The humanity of that is, for Meacham, literary: It’s “the better angels” (a canonical trope)
who compose “the vital center.” (Meacham was a student of Literature before becoming a professional historian.) The background text for his DNC presentation is his 2018 book,
The Soul of America, subtitled “the battle for our better angels.”

But the historical battles were not by the better angels themselves, because they do not battle. They eventually prevail by virtue of their intrinsic appeal. Struggles toward sufficiently appreciating that call upon educational leadership to channel the appeal durably and lastingly. That channeling is itself a calling to us, as Meacham concludes: “enter the arena…resist tribalism… respect facts and employ reason… find a critical balance… [and] keep history in mind” (266-72). Yet, the better angels would have us enter with aspiration, resist in service to ambitious engagement, respect through insight, find balance through exemplarity, and hope to make more history.

Admirably but misleadingly, Meacham advises “disbelieving in human perfection.” Actually, notions of perfectibility are about aiming for one’s personal best, in this case a nation’s best
(“a more perfect union,” it’s said). The appeal of perfectibility is integral to the receding horizon drawing us. Of course, perfection is never reached; but the appeal of personal best is part of idealism that really aspires, really engages, and really advances—and learns that learning never ends for flourishing life. So, yes, being “fierce in its advocacy,” a “politics of the ‘vital center’” is “humble in the face of human folly….[I]ts idealism [is] tempered…by respect for its own limits.”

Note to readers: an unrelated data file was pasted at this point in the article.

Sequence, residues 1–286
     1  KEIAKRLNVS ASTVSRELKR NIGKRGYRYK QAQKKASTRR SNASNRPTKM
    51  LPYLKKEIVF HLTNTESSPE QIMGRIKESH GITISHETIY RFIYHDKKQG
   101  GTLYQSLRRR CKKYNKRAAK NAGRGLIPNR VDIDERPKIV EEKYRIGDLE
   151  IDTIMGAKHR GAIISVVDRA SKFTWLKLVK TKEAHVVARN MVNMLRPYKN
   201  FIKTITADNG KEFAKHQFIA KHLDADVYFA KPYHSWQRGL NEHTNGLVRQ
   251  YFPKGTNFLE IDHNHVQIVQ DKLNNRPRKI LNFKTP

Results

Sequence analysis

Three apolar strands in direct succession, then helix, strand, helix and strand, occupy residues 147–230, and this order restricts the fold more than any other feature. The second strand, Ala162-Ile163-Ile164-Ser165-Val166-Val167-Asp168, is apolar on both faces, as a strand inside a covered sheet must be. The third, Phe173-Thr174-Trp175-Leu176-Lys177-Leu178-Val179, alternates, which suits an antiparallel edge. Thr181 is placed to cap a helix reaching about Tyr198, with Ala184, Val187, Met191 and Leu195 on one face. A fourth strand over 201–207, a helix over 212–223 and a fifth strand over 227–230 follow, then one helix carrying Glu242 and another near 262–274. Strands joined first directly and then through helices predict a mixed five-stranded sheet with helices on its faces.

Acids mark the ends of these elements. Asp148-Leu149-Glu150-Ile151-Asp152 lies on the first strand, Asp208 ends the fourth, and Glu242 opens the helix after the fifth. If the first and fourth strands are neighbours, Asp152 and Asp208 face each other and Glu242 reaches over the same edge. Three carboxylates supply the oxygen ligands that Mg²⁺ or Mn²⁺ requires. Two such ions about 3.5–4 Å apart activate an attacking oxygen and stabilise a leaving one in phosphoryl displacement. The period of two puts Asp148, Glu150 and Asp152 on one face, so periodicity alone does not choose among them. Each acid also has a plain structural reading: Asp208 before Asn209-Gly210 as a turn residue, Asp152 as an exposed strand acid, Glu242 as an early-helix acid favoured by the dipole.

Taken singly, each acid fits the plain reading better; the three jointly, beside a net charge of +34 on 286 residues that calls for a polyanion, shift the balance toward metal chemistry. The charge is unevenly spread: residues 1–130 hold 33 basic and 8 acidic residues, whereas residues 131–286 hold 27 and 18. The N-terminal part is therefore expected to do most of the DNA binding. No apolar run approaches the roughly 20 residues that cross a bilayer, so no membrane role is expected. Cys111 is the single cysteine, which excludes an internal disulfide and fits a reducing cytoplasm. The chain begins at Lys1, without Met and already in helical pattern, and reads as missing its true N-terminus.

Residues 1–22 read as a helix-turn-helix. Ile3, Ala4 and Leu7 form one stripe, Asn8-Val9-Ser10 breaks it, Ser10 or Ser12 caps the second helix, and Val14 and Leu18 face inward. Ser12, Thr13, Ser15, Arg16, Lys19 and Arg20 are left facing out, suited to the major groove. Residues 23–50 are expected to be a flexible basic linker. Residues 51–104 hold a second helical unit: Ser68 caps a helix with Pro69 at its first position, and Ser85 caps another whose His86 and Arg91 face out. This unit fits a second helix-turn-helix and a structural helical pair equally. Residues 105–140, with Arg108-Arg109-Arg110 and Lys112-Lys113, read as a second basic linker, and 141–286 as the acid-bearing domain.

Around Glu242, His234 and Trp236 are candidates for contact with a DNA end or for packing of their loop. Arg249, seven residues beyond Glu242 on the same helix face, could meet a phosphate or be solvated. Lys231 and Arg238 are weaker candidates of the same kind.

Yet, for the better angels, limits have their own appeal as challenges for learnability, creativity, conceivability, innovation, and engagement.

Perhaps the darling notion of soul mates can inspire solidarities to become anewed kinships among “we who make the continuum [from civility to intimacy] actual,” I noted earlier, “life by life seeking the mutuality necessary for ‘work in common purpose’ (Biden).”

Perhaps the intimacy belongs ultimately to conceptual prospecting. Here, intimacy of nation-al love melds with inter-psychal (soulful) love, synergistic in terms of humanities for the sake— one hopes—of Our ecologically flourishing continent—the planet!—which Our children may enjoy.

The soul of America is Our nebulous, dynamic, open prospects for grandly telic cohering—what I earlier called “humanity’s ‘revealed’ Telos…. a potential of our humanity to make [the bond of love among us with love of nation] sacred, born from and based in the nature of being human potential for divining our presence.”

That may seem florid, but flourishing of America is really part of humanity’s quest to flourish
on Our pale blue dot, the only real option for heaven known.


next—> for an American politics of virtue




    Be fair. © 2020, g. e. davis.